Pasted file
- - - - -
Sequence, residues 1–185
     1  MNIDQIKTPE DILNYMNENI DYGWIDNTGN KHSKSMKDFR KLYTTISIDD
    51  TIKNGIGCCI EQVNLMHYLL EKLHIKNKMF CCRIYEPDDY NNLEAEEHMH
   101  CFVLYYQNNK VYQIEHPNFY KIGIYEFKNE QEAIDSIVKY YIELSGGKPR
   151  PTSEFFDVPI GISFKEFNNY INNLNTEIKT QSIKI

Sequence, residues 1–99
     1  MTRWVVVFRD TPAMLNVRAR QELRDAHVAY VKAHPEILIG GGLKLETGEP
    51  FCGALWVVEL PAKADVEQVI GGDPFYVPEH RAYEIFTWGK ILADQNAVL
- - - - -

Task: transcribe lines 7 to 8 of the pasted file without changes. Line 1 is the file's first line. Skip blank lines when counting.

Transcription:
     1  MTRWVVVFRD TPAMLNVRAR QELRDAHVAY VKAHPEILIG GGLKLETGEP
    51  FCGALWVVEL PAKADVEQVI GGDPFYVPEH RAYEIFTWGK ILADQNAVL